The Philadelphia Phillies are, on paper, the best team in the National League. Boasting a pitching staff of four pitchers who could be aces on most teams, the Phillies also have a tremendous offense. Even with the departure of the All-Star Jayson Werth, the Phillies seem to have a suitable replacement in Dominic Brown, who will likely be the Phillies opening day right fielder.

Much like the New York Yankees though, the Phillies aren’t prone to inevitability. So much like the New York Mets were seemingly the team to beat heading into 2009, the Phillies are on the same path. They can boast the best pitching staff in baseball, but they can also boast a 1-3 that are a combined age of 98 years old.

Yep, if there’s one hope for the rest of the NL East to claim the title of division champions, it’s age. With the exception of Dominic Brown, not one position player will be under the age of 30 come opening day. In fact, assuming the opening day projections remain the same, the only time you’ll find a game when there are two players under 30 on the field is when Cole Hamels starts. So that’s why when Rollins made his annual prediction today,one could be more skeptical than in years past.The prediction? Rollins believes that the Phillies will win 100 games, and if all goes right they’ll be able to chase the Seattle Mariners 2001 season.

On the other side of the spectrum,  the New York Mets will boast an infield that features all talent under 30 assuming that Murphy wins the starting job. 1B Ike Davis(24), 2b Daniel Murphy(25), SS Jose Reyes(27), 3B David Wright(28) and C Josh Thole(24) will all have to play huge parts in a successful team in 2011. While the outfield is older than the infield, the veteran Carlos Beltran(33) will likely be sent a one way ticket to the American League next year. Angel Pagan(29) is poised to be a staple of the Mets outfield for years to come,  and the Mets are committed to three more years of Jason Bay(32). While Bay’s contract is still up for debate, it’s a much more calming mix than having Carlos Delgado and elder replacements/hopefuls getting starting opportunities.

Jimmy Rollins likes to run his mouth, and it’s safe to say that he has earned the right to. Things change quickly in this game, though,  and the sooner Rollins learns that making these predictions will one day come back to bite him and the Phillies, the better. There’s nothing better than competitive spirit, but sooner or later Rollins and the Phillies will learn that mother nature has no favorites. Karma is a…well, you know it.

Fashionably Late?

The New York Mets Twitter-verse is abuzz today discussing a groundbreaking story involving a roster member.

An injury? Nope.

Big trade? Try again.

Sandy Alderson signed Julio Franco? Wrong again.

In news that’s hardly surprising, the 35 year old soon-to-be free agent Luis Castillo has yet to arrive in Port St. Lucie to begin workouts with the club, reports Newsday’s David Lennon.(Picture here) Castillo’s presence in camp, however, isn’t mandatory until tomorrow. The largely unpopular second baseman of the Mets is looking at more competition than in years past with Daniel Murphy and Brad Emaus working hard at earning the starting job. Perhaps disillusioned by the franchise after being sat for the majority of the final months of 2010, Castillo doesn’t appear motivated. To his credit, even Oliver Perez managed to show up at camp several days ago.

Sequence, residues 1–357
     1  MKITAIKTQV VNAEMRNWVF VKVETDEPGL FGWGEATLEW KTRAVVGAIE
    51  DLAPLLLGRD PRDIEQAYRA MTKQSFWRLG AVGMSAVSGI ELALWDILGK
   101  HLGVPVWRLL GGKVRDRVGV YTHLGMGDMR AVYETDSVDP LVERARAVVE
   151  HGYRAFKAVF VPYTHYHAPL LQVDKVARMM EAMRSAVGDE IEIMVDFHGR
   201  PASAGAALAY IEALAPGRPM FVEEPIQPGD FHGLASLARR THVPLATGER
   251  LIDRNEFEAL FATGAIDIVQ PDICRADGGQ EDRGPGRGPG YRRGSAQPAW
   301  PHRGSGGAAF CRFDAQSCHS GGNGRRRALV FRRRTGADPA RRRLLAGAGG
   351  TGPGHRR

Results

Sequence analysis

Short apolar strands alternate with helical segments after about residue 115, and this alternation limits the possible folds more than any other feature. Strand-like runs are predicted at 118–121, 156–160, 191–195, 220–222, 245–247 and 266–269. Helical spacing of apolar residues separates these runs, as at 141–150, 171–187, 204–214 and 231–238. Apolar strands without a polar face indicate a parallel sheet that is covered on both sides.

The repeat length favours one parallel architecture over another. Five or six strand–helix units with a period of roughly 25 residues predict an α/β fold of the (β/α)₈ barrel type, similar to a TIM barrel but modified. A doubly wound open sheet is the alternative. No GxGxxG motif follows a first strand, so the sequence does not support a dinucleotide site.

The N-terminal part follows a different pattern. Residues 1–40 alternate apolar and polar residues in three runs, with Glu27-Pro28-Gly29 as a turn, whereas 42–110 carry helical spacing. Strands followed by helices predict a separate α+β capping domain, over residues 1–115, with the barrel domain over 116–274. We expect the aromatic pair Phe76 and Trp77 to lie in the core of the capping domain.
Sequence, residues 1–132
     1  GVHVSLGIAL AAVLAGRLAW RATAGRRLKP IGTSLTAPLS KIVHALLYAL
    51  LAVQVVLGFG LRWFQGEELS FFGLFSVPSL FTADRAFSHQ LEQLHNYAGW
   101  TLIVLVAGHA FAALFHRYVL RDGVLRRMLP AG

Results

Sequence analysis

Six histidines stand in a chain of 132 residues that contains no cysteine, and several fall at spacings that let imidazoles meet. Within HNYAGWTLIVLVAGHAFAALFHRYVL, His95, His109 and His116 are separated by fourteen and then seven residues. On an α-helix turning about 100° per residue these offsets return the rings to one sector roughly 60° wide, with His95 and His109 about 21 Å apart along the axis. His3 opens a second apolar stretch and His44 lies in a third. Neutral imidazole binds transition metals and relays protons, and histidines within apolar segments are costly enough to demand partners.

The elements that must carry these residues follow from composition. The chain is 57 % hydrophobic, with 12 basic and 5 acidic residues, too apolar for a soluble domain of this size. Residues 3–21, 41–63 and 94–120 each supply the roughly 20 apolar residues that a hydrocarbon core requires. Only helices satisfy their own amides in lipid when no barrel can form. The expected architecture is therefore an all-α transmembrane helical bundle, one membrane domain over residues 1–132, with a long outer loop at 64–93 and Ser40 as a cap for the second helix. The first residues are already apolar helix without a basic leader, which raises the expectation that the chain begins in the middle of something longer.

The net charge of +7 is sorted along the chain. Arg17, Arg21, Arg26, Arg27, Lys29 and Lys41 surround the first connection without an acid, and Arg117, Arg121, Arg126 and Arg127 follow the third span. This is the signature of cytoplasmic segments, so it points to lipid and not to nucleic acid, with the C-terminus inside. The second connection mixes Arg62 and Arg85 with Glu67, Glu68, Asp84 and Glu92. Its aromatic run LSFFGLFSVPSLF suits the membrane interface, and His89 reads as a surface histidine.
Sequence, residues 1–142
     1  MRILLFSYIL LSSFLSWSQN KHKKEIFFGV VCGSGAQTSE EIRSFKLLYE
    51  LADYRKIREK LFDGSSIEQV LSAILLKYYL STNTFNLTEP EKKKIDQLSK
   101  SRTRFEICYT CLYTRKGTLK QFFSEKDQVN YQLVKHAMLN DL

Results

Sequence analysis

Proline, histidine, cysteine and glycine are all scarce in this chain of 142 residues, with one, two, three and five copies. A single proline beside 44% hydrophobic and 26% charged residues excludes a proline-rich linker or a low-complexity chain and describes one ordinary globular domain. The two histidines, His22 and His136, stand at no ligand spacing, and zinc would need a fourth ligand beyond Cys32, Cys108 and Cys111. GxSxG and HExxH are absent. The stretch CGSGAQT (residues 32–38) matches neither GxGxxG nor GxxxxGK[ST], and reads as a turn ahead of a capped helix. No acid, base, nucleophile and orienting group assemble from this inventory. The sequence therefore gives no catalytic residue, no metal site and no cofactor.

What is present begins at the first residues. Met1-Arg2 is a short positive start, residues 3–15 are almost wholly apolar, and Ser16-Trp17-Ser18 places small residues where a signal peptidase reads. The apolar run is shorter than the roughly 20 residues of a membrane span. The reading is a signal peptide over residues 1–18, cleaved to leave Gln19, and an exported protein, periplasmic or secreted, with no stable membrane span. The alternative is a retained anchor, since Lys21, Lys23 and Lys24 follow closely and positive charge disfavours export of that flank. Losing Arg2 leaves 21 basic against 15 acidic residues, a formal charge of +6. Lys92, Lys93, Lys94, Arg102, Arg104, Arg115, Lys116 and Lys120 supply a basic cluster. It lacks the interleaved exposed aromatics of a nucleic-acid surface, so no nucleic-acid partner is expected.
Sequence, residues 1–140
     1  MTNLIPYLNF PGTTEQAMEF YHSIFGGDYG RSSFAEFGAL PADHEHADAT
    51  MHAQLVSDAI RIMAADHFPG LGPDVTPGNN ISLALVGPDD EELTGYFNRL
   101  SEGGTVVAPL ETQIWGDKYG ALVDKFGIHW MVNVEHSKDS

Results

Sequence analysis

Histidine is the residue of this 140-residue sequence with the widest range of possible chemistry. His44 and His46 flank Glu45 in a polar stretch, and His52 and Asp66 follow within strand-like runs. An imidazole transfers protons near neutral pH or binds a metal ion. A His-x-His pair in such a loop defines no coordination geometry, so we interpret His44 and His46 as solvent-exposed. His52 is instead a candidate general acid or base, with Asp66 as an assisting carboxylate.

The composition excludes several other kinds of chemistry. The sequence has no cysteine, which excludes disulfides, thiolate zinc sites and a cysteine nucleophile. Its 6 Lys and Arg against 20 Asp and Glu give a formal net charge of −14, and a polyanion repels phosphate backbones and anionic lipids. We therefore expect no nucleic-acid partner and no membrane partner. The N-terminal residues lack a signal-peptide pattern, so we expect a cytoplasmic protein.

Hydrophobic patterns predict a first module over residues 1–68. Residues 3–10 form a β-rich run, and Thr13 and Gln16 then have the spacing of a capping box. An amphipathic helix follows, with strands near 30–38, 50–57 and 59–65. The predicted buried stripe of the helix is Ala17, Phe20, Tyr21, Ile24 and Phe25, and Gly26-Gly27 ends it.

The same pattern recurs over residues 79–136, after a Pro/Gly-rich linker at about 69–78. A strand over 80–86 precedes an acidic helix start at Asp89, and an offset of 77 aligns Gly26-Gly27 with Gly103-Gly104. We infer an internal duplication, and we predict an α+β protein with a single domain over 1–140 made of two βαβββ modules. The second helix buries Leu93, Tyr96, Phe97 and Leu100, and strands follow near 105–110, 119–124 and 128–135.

Castillo’s tenure with the team isn’t one that will be looked upon fondly in years to come. While having an impressive conclusion to the end of the 2007 season, the reaction was negative from the outset when former GM Omar Minaya inked Castillo to a 4 year deal. At an age when most second basemen begin their decline, Minaya saw the Houston Astros as a potential threat to come in and swoop up Castillo. In reality, it appears that while the Astros may have had interest in acquiring the second baseman, Minaya appeared to be bidding against himself.

After having a poor season in 2008 in which he only appeared in 81 games, Castillo played for the majority of the 2009 season. Regardless of his bounce back year offensively, though, Castillo’s 2009 will forever be remembered for that one fateful night at Yankee Stadium in which K-Rod’s perfect season ended prematurely. Needless to say, Castillo hit over .300, but also almost injured himself walking down the dugout steps. However you balance it, he has become a punchline much like Ollie.

As Luis Castillo’s locker sits untouched on February 18th 2011, his future of with the club is also highly in question. If he’s trying to make good impressions or win the starting job, Daniel Murphy and Brad Emaus already have a significant lead, with Emaus probably headed for a bench role. The two aspiring second baseman have already been in PSL for several weeks, and with youth and energy on their side it’s hard seeing Castillo cracking the opening day roster period. Castillo will need an absolute blow away performance, because at this stage of the game the Mets are headed in the opposite direction. In fact, if Castillo fails to make the team the infield will be under 30 years old(Thole, Davis, Murphy/Emaus, Reyes and Wright). While it’s certainly a step in the right direction, someone forgot to tell Castillo that arriving fashionably late only works if you’re a proven star that has shown consistency. For someone who has been mistreated by the organization, and, in turn, played poorly, he should have every reason to be fashionably early.